• 16 Vodafone International Holdings B.V. vs. Union of India & Anr. Civil Appeal o. 733 of 2012 available at

<http://supremecourtofindia.nic.in/outtoday/sc2652910.pdf>

  • 17 AIR 1950 SC 27

  • 18 (1976) 2 SCC 521.

  • 19 1975 Supp SCC 1

  • 20 (1978)1 SCC 248

  • 21 (1973) 4 SCC 225.

Purpose of discussing above cases was to draw attention to various political and social factors which
Purpose of discussing above cases was to draw attention to various political and social factors which

Purpose of discussing above cases was to draw attention to various political and social factors which influence the course of decision making. There can be different views about the demand of justice and what would amount to justice in particular case and what is the duty of the court and what should be the norm which should be established by the court. When the court accepts one version of justice and norm, it makes a political choice. Recognition of this fact is the significant contribution of the critical legal studies movement.

While the main aim of critical legal studies movement has been to debunk the assertions of liberal legal regime, some writers have also attempted a reconstructive theory. Roberto Unger has outlined a reconstructive program which he calls super liberalism. In super liberalism people would have better substantive rights as they would have rights not only within the system but would also have right to destabilize the existing system. There would be greater decentralization and many mini constitutions with specific aims. Economy would be restructured in a way where individual initiative would be encouraged but there would be limit on profit making. State would aid entrepreneurship by providing loans. Thus by preventing concentration in economy and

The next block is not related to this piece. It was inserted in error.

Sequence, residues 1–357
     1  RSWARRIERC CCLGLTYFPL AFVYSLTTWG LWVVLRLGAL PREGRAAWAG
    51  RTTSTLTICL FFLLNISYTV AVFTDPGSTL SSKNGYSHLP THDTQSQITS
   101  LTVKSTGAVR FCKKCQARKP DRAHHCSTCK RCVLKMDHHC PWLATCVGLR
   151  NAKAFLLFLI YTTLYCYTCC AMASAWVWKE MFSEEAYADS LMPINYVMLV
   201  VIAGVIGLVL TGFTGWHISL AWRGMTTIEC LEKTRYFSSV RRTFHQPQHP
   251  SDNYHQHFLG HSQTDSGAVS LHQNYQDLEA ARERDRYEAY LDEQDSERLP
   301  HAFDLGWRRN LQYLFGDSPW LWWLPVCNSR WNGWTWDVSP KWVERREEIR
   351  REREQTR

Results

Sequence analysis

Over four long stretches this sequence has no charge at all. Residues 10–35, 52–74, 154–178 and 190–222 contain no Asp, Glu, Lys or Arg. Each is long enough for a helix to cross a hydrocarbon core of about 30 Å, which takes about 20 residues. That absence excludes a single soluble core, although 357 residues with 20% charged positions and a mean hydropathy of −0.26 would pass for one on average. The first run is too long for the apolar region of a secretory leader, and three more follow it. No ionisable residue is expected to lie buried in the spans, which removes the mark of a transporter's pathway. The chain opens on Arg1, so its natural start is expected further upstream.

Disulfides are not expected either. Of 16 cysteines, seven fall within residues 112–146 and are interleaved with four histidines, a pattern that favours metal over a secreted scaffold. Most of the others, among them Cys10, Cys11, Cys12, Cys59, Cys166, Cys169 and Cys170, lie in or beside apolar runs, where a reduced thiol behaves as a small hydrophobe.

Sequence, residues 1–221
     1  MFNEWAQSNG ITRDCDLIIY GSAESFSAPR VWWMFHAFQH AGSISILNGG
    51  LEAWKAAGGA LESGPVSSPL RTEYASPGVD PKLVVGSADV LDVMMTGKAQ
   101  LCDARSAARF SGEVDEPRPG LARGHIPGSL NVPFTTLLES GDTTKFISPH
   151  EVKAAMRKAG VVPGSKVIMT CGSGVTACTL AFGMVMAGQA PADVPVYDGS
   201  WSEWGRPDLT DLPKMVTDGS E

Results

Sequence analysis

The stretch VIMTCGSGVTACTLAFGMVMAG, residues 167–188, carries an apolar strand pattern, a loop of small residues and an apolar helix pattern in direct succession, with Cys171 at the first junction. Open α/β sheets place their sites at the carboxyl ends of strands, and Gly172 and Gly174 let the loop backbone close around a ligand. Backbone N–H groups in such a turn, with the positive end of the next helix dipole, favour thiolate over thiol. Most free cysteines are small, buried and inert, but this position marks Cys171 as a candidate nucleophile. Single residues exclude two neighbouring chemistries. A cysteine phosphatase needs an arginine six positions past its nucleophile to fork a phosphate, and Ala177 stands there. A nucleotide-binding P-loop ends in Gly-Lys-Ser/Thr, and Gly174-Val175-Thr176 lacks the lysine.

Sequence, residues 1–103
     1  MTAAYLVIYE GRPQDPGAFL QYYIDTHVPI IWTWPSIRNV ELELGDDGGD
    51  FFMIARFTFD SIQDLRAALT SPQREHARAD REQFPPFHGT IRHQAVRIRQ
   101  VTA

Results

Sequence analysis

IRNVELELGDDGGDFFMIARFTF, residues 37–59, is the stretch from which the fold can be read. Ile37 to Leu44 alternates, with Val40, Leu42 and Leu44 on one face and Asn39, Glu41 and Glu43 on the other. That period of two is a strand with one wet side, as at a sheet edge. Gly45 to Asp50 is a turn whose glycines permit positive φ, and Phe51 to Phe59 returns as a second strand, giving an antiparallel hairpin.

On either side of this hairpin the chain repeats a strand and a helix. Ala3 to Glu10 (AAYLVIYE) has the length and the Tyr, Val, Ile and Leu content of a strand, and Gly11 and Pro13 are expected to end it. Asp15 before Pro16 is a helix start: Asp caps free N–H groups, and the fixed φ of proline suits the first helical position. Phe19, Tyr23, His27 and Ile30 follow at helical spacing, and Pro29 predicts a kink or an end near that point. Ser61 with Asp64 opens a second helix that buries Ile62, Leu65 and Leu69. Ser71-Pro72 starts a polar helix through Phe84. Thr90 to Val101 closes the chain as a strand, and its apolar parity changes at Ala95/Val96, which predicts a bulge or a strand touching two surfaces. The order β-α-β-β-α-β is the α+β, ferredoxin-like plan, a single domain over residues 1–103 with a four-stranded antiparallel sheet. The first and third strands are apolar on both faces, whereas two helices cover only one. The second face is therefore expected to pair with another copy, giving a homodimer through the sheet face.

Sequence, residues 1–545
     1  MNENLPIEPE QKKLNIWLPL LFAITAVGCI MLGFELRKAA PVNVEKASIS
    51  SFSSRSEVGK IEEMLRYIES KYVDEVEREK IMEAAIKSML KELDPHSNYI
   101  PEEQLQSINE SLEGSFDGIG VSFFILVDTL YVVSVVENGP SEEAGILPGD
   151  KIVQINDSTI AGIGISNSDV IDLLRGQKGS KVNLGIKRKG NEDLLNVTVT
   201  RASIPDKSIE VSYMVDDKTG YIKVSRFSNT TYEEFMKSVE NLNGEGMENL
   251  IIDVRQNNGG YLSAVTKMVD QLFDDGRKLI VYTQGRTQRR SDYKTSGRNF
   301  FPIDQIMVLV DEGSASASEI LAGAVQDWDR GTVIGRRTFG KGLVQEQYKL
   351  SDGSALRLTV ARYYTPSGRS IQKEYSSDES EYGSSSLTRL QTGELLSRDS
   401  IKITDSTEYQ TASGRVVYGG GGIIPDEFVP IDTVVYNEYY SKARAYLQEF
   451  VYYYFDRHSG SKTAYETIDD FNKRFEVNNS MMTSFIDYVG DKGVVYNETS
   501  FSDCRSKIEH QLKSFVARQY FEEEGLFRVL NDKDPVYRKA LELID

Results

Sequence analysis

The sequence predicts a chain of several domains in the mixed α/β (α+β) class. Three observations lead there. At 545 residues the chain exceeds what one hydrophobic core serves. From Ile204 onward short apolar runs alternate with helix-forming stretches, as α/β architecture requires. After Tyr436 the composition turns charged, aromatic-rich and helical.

centralization of political power and recognition of individual’s right to reshape the whole social

and political system, Unger felt a real liberal society and polity would be formed which would

not be based on universal values, ideologies and notions.

Concluding Remarks:

Critical legal studies movement was a development over the American Realist movement. It debunked the claims of legal liberalism that it is an autonomous system and favours objectivity and formalism in decision making process. CLS movement emphasized that legal discourse is embedded in the social and political discourse and legal principles of liberal legal regime are political choices of dominant class of the society. The argument has been developed by post modernist jurisprudence who highlighted the role of violence in the concept of law and possibility of achieving varied meanings of legal text by deconstructing the prevalent meanings. Accepting CLS claim that legal discourse is part of social and political discourse post modernism deconstructed the rigidity of identity of legal subject and universal notion of justice and acknowledged pluralism in legal perspective as rightful.